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Thu, Sept. 19

Three loop trails within the Grand Circle challenge PV man

Ted Johnson challenged himself in January 2009 to hike 20 miles of the Prescott Circle Trail, including a nighttime stretch, which he completed in 24 hours 15 minutes.
Courtesy Photo

Ted Johnson challenged himself in January 2009 to hike 20 miles of the Prescott Circle Trail, including a nighttime stretch, which he completed in 24 hours 15 minutes.

Ever feel like you are getting nowhere, like you are going in circles? It's not as bad as you might suppose, at least when you are hiking a significant loop trail such as the Prescott Circle Trail, Cabin Loop Trail, or the Rainbow Rim Trail - each longer than 25 miles and each distinctly different.

All three are part of the Grand Circle, a vast region that encompasses portions of five states - Arizona, New Mexico, Colorado, Utah and Nevada. Hiking these three loop trails is like going in circles inside an even larger circle.

The Grand Circle Association's website states that the area contains America's largest concentration of national parks and monuments, woven together by extraordinary scenic byways in which diverse scenery can be found, including the Grand Canyon, Zion National Park, Bryce Canyon, Lake Powell and Arches National Park.

"Bold splashes of color, fascinating geologic shapes, and the mysterious remnants of cultures await you at every turn." (http://www.grandcircle.org/)

The Rainbow Rim Trail skirts the very edge of the Grand Canyon's North Rim in the Kiabab National Forest. I biked it with my son and nephew, taking all day to cover the 25+ miles. There is not much elevation change associated with this circle, but the views of the Canyon, the refreshing coolness of the highest plateau in Arizona, and the surprise of seeing woodland buffalo mark this trail as a true treasure.

It's a long drive to the North Rim, but if the Rainbow Rim Trail is on your itinerary, it is well worth the time it takes to get there. Well-traveled dirt roads provide access to the free, dispersed campsites.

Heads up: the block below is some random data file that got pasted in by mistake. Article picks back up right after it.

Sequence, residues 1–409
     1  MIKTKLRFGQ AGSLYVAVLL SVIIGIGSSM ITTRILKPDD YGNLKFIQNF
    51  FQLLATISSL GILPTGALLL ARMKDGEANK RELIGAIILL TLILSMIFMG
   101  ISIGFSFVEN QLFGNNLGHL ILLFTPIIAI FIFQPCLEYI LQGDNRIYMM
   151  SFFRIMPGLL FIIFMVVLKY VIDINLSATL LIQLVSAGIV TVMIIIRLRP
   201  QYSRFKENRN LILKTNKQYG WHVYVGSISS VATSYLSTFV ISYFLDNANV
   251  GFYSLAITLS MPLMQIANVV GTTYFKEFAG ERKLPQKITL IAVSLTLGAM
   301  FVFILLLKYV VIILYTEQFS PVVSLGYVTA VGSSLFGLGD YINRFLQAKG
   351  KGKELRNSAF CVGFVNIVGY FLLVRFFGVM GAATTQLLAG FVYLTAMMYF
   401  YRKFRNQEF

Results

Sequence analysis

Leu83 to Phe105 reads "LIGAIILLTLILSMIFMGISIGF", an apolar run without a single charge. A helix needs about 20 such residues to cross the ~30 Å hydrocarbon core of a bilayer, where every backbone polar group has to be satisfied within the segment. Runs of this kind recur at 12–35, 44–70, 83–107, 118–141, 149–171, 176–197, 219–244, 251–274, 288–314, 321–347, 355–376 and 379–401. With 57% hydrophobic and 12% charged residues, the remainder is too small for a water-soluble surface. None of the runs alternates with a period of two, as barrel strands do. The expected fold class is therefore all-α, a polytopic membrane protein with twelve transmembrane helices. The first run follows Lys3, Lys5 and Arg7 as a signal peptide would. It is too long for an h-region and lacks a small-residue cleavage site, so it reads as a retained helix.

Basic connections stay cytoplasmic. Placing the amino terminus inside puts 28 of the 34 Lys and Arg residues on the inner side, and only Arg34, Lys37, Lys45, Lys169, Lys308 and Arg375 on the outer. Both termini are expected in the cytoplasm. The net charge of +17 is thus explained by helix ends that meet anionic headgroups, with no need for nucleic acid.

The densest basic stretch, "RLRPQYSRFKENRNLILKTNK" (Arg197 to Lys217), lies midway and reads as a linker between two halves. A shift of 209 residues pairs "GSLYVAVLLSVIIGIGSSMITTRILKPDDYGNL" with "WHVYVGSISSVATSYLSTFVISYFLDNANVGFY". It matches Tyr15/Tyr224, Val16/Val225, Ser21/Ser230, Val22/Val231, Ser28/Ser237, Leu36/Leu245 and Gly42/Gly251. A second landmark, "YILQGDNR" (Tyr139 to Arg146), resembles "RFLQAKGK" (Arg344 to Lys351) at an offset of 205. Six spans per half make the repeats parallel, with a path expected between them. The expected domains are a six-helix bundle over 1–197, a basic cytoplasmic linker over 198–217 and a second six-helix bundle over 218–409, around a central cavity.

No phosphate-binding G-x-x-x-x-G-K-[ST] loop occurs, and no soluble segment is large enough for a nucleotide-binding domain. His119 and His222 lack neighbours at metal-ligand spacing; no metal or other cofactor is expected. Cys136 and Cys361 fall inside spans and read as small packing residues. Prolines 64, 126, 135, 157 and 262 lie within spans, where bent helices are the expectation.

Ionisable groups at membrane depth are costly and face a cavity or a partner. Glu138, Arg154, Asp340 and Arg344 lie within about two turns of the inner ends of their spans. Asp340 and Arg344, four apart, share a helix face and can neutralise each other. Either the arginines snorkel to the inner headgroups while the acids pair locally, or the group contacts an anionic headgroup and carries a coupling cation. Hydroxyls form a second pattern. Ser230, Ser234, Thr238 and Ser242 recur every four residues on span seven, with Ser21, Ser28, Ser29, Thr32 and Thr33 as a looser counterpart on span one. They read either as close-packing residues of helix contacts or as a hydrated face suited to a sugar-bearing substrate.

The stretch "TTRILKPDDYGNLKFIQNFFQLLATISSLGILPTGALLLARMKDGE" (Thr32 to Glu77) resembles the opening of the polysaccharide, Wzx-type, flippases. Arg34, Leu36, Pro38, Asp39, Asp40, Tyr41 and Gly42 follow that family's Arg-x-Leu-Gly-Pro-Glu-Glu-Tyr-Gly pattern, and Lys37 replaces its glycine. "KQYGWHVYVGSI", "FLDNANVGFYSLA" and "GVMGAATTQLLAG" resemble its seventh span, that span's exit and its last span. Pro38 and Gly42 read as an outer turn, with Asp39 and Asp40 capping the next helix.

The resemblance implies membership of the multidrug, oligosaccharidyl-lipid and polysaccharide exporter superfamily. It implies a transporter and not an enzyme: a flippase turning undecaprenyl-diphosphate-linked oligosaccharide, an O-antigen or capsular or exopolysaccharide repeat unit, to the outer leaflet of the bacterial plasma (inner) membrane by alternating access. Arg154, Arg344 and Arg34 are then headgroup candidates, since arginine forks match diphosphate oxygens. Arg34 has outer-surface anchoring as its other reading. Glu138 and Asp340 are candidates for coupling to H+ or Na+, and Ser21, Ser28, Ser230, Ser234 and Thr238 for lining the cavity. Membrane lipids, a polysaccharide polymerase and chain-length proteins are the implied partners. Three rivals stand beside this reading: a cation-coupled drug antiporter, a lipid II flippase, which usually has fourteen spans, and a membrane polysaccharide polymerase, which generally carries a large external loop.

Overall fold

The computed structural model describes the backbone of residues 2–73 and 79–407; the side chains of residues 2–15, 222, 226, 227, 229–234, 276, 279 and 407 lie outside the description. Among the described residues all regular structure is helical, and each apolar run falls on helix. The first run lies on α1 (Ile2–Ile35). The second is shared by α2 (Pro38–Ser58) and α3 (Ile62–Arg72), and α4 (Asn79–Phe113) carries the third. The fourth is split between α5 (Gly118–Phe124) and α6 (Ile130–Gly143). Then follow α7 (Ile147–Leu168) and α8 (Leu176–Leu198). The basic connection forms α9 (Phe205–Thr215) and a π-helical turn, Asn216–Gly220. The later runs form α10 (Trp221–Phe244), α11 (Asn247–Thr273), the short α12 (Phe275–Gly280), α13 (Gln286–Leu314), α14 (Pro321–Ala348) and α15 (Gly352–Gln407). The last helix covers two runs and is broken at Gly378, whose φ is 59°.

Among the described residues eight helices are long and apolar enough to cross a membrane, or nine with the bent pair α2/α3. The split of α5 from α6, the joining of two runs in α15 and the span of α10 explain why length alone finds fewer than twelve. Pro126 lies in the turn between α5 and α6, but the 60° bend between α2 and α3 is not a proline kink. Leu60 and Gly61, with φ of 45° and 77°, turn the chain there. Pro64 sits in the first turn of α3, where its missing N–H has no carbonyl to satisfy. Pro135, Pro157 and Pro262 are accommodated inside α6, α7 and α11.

The Cabin Loop Trail also caught me by surprise. Hiking throughout the Southwest since the late '60s, I started concentrating on federally protected wilderness areas in 1975. Consequently, I ignored much of the Mogollon Rim, which is where the Cabin Loop Trail is found not far from Payson.

I was actually hiking a section of the Arizona Trail when I happened upon the Cabin Loop Trail, a historically rich part of the Southwest. Like the Rainbow Rim Trail, the Cabin Loop Trail does not involve much elevation change, though a few small canyons are crossed via a sometimes confusing network of trails.

The Forest Service has posted a number of informational signs acknowledging the work of the Nation's first professional forester and Head of the Department of Agriculture, Gifford Pinchot, as well as efforts to control wildfires in this region. I was able to hike and bike this 25-mile trail in one day.

Finally, we come to my favorite circle trail, the Prescott Circle Trail (PCT), which I have hiked/biked in its entirety 10 times. "How is that possible," you ask, "since this trail is not yet completed?"

I have expanded this Circle trail to run east of Glassford Hill into Prescott Valley, incorporating the Iron King and Peavine trails to complete the loop. I have hiked/biked the trail in pieces, but also in one continuous ride of 55 miles in 12-13 hours.

My most memorable hike/ride followed my first midlife crisis, the week before I turned 50 in January 2009. I had recently read two Holocaust books where Jews were marched 20 miles through the night, starved and ill-treated. I wondered if I could walk 20 miles in one night, knowing that my trip would in no way compare to theirs, but a midlife crisis is a midlife crisis after all and it was the best I could come up with under the circumstances.

I began biking at 7 p.m. and made it around Glassford Hill and along Pioneer Parkway to the east side of Granite Mountain at midnight, where I parked my bike. The full moon lit up the snow-packed trail well until I reached the chimney north of Thumb Butte where the shadows were making it difficult to follow the trail. I made a couple of fires, sleeping on one I covered with dirt until sunrise. It was the warmest snow camping I ever experienced, though I had no sleeping bag.

I walked throughout the day, south past Thumb Butte to Copper Basin Road, then east past White Spar and Goldwater Lake. From there I continued east over the Watershed Divide to Lynx Lake when it got dark again. I started hallucinating at this point but continued home near Stoneridge.

I finished the whole trip in 24 hours and 15 minutes. I'd like to say that cured me of midlife crises, but there were more to come.

The Prescott Circle Trail is twice as long as these other loops and nearer to civilization, making it more feasible to piece it together as you find the opportunity. Either way, the PCT is both challenging and enjoyable.

I hope that the next time you feel like you are going in circles, it's a significant circle within the grandest circle of them all.

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